The Fatal Folio
I was so impressed by The Fatal Folio, third in the Cambridge Bookshop mystery series by Elizabeth Penney, that I went back and read the first two. The series began with Chapter and Curse and continued with A Treacherous Tale. They’re great cozy mysteries, particularly for Anglophiles.
Molly Kimball and her mother move from Vermont to Cambridge, England, after the death of her father and to help her aunt run a family bookshop, one of the oldest in the city.
In the first book, a guest giving a reading at the store to draw some publicity is murdered, and the aunt is the primary suspect. Of course Molly starts investigating to save her family member, and she unravels a web of historical rivalries amongst a group of women who went to university together years ago. The second book revolves around a beloved children’s book, written by a local author, whose daughter has gone missing.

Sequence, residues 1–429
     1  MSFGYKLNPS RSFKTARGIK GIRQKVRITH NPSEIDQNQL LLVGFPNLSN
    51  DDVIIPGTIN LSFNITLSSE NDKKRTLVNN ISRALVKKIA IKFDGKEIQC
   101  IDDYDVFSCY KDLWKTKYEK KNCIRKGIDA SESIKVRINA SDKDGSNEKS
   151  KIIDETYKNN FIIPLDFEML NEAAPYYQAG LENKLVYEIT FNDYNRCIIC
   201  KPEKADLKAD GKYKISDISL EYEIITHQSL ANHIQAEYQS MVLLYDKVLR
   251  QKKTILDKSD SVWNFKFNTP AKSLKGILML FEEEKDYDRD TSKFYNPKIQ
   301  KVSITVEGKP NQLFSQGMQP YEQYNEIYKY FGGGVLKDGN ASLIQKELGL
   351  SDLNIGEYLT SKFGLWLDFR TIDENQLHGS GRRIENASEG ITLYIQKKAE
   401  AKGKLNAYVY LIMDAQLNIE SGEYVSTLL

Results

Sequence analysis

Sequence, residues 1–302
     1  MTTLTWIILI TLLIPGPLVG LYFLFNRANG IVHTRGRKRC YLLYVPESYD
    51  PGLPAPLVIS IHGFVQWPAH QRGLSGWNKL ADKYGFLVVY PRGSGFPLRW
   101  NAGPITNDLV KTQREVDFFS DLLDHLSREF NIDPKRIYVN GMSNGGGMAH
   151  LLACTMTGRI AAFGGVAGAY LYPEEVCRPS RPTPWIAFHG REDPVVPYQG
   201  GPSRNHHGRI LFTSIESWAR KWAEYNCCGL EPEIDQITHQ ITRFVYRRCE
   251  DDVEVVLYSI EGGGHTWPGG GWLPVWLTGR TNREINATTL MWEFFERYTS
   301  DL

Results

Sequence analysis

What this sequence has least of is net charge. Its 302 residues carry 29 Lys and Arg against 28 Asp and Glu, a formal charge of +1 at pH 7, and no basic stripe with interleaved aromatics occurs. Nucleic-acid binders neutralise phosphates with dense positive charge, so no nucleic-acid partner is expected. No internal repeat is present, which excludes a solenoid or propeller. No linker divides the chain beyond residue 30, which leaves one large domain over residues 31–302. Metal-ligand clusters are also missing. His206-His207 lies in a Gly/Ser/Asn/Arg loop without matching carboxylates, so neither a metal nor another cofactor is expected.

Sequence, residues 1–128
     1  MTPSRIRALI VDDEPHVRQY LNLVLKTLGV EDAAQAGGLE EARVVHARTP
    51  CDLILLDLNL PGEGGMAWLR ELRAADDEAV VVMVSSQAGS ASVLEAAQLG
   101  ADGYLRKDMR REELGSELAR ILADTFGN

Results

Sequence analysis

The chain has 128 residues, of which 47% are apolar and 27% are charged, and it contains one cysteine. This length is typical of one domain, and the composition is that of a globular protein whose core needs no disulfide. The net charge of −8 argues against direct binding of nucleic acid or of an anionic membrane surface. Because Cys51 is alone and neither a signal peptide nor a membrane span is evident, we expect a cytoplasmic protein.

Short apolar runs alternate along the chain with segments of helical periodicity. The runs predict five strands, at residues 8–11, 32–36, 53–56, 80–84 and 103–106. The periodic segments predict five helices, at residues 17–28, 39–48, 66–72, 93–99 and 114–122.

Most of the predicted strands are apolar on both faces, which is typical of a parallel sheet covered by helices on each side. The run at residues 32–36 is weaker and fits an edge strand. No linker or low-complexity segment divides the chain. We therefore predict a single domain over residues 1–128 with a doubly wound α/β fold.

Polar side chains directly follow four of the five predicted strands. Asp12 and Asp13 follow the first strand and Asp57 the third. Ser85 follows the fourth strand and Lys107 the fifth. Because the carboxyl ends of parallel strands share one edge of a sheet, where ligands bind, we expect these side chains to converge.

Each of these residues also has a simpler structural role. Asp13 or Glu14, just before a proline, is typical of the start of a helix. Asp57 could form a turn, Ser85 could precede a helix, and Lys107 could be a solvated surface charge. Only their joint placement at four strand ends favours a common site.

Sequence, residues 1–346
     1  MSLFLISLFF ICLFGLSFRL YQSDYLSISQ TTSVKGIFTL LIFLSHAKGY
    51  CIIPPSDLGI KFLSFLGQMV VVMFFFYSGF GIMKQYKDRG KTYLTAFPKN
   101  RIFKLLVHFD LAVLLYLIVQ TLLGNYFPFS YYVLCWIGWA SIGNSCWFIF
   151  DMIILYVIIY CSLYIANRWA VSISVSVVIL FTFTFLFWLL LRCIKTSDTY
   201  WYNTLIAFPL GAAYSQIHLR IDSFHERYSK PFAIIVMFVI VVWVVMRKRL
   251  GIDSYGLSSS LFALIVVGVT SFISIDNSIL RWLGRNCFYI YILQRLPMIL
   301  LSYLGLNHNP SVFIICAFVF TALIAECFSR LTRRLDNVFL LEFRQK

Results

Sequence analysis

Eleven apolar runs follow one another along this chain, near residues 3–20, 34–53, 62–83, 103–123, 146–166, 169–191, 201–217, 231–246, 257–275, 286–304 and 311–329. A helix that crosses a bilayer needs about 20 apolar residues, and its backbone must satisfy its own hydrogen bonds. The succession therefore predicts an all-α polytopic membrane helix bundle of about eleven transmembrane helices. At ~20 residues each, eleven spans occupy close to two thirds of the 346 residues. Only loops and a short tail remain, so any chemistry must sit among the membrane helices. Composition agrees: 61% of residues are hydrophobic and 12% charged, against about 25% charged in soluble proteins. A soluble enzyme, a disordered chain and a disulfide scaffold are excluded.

The Fatal Folio, due out in October, again incorporates an historical aspect. Molly has been asked to catalog her boyfriend’s family library, which includes works 500 years old. (They’re minor nobles, you see.) There’s a famous old gothic novel written by a pseudonymous ancestor, and the manuscript is an object of much desire, along with rumors of an unknown sequel.
The atmosphere is what really attracted me, the idea of a literary life with plenty of family and friends around. Although these are murder mysteries, they’re firmly in the cozy tradition, with little violence or threat, just a mystery unspooling.
(The publisher provided an advance digital review copy.)